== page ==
Rare sawfish captured on camera in remote Exmouth Gulf coastal wilderness

For videographer Andre Rerekura, seeing the critically endangered green sawfish for the first time was like finding the Holy Grail.

Exmouth-based Andre Rerekura discovered the sawfish hunting in the shallows of a remote creek in north-west Australia.

Mr Rerekura and a group of friends had traveled by boat to Urala Creek on the eastern side of the Exmouth Gulf, which is about 50 kilometers by water from the coastal town.

The gulf is full of dugongs, fish and whales during their migration but the eastern side where water meets land is a 100-kilometre-long stretch of mangroves and algal flats teeming with life.

Mr Rerekura said the gulf’s east coastline was a labyrinth of creeks and mangroves.

Urala Creek is on the eastern side of the Exmouth Gulf which could be included in a future marine park.(Google)

“We were lucky enough later in the day one of the guys actually spotted a sawfish in the shallows feeding and cruising through,” Mr Rerekura said.

“That’s kind of like the Holy Grail for some of us. Because I suppose they’re quite rare.

“For us to come across that, we were pretty excited.”

At first, the group thought the sawfish was two or three meters long when they filmed it with a drone, but when a not-so-large mullet swam past they realized it might be a bit smaller than they thought.

“It shows the area is like a little nursery for these sawfish,” Mr Rerekura said.

A medium-sized white recreational boat is seen from an aerial view in a green creek cutting through orange land.
Urala Creek has mangroves, salt pans and a bevy of animal species on the eastern side of the Exmouth Gulf.(Supplied: Andre Rerekura)

A sawfish stronghold

Murdoch University post-doctorate researcher Karissa Lear travels up and down the West Australian coast studying sawfish and other elusive species.

She said the green sawfish in the video captured by Mr Rerekura was probably a juvenile and maybe less than one meter in length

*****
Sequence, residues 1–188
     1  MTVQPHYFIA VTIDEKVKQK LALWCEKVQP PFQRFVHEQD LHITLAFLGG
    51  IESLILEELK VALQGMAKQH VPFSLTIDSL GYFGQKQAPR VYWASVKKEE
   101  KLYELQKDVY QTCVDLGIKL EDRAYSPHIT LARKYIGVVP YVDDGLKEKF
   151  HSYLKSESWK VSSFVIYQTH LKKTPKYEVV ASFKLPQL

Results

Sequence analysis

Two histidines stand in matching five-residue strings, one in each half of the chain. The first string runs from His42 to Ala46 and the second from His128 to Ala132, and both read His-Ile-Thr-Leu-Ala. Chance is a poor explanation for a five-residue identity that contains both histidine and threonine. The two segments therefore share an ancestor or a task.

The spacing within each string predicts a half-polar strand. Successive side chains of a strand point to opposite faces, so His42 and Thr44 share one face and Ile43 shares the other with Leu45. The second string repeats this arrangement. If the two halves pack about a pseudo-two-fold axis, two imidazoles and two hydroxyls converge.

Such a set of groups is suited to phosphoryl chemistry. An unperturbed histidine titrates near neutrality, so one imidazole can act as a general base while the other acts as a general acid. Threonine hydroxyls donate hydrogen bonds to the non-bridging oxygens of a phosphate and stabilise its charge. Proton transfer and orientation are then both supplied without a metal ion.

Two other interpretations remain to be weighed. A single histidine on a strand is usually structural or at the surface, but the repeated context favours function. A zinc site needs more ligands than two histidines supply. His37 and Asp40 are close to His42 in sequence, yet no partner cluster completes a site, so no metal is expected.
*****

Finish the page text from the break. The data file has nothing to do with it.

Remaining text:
“That means it’s been pupped … pretty recently. Sawfish give live birth like most sharks and rays. This one probably would have been born where we saw it,” Dr Lear said.

“They live there for maybe up to a year and then they start moving slowly into other creeks and river mouths and mangroves around there.

Low-growth mangrove trees fill the frame at sunset with a larger water body in the background.
A long strip of mangroves runs along the eastern side of the Exmouth Gulf in Western Australia.(Supplied: Andre Rerekura)

“It’s really special to know that one was probably pupped down there so some of those creeks are probably a nursery area for at least a few juveniles.”

Green sawfish can be found from north of Perth around the top end of the country and over to Papua New Guinea and Indonesia, but Dr Lear said WA was a particular stronghold for the species.

“We’re really lucky in Western Australia that we have a couple of species of sawfish but globally nearly all of those animals are critically endangered,” she said.

“Where we find the most sawfish in WA are those areas that are really remote and hard to get to.”

The Ashburton River, some 70 kilometers north of Urala Creek, is a major nursery for green sawfish.

A white and green kingfisher bird stands perched on the left branch of a tree fork with a blue-sky background.
A kingfisher at Urala Creek off the Exmouth Gulf in Western Australia.(Supplied: Michael Tropiano)

Dr Lear said areas with human development sometimes meant altered ecosystems which might not benefit sawfish but where there were untouched stretches of Pilbara coastline there was lots of prey and healthy ecosystems for species to live.

“Keeping these remote areas that we do have in the Exmouth Gulf and all the way up the Pilbara is really important for species like sawfish and other threatened species as well that use those habitats,” she said.

“WA is pretty much the only place left in the world that we have what appears to be a healthy functioning population.”

New marine park to protect parts of the Gulf

The West Australian government has promised to protect select coastal and marine parts of the Exmouth Gulf.

The under-researched area was once touted for inclusion in the World Heritage listing of the Ningaloo Reef and ranges until political pressure left it out of the final submission from the state government.

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